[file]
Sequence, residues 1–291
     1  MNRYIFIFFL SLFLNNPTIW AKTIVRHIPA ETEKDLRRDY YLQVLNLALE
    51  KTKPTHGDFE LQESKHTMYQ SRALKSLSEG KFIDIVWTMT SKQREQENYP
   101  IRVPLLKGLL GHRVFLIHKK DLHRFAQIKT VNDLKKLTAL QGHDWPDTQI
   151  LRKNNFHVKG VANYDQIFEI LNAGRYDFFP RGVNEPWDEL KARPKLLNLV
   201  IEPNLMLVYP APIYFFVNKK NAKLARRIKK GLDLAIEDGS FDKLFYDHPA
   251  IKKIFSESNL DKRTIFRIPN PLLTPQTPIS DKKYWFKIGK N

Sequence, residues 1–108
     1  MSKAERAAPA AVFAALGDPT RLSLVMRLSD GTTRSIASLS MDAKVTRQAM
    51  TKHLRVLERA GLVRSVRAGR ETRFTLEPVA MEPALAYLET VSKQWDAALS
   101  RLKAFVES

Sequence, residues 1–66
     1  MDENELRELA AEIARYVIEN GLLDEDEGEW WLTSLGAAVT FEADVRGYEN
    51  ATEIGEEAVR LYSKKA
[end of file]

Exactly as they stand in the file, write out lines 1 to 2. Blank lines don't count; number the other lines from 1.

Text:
Sequence, residues 1–291
     1  MNRYIFIFFL SLFLNNPTIW AKTIVRHIPA ETEKDLRRDY YLQVLNLALE